Photographs of transliteral interpretations.
I first traveled to China in 2016. I was scared out of my mind, having never been out of my home country before and unable to speak the language. What brought me around, however, was something other than your more traditional solutions. Not food nor education nor good company (though I had lots of all three), but laughter.
China’s people are friendlier to strangers than any other group I’ve encountered. On top of everything they did for me in both of my trips there, they also have provided me with hours of joy based solely around their use of my mother tongue. English, the language of the Queen and legendary Chicago Bulls small forward and seven time NBA All-Star Scottie Pippen, is an art of progress on the Chinese mainland. And that art is a beautiful one.
As the two major economic powers on the world stage, China and the United States are forced to butt heads and eventually accept one another. This process is a tiresome one that will surely play out in unexpected ways in my lifetime. China is a sleeping giant that is coming to its awakening and the rest of the world will recognize her power. In our long and complex history together, the English language has been a language of education, of foreign power, of oppression. But it has also been a voice of friendship. Of building a cultural bridge between our two nations. Chinese children in many cities learn English as part of their regular curriculum and many primary schools in America have begun adopting Mandarin language programs as well. The Confucius Institute, an organization based in Beijing with ties to the Chinese government, exists on many college campuses in America as a cultural and language-learning resource for older students.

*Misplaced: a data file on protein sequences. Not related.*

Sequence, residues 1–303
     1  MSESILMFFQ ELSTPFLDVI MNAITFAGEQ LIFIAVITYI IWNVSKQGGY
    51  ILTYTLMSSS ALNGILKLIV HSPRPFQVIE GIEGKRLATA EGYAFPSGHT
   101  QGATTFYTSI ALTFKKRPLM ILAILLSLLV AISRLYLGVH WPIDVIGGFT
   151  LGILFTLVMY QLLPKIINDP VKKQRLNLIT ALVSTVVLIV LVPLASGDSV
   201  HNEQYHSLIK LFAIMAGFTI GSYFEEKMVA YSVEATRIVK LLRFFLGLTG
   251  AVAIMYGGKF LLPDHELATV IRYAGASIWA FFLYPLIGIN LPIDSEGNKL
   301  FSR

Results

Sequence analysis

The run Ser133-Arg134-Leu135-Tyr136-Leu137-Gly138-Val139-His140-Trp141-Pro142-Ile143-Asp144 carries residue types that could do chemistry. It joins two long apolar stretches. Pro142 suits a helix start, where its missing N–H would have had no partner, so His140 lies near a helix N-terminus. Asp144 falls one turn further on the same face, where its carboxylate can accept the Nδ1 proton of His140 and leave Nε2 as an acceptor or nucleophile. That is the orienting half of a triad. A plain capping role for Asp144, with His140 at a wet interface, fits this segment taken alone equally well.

What follows are photographs taken in four Chinese cities and a couple villages. They were taken with an iPhone 6 or Google Pixel 2. The convenience and speed of these devices made them perfect for the project, as it was imperative I document each sighting of Good English™ quickly and efficiently. Most of these are photographs of signage: directions or names of businesses. They are the street language, words of and by the people, so using a camera much like the one an average person would have easiest access to was an important element of the project.
I do not share these photographs, the best of a litany I have taken in my travels, to mock. I share them to spread the sheer wonder and curiosity sparked within me with you.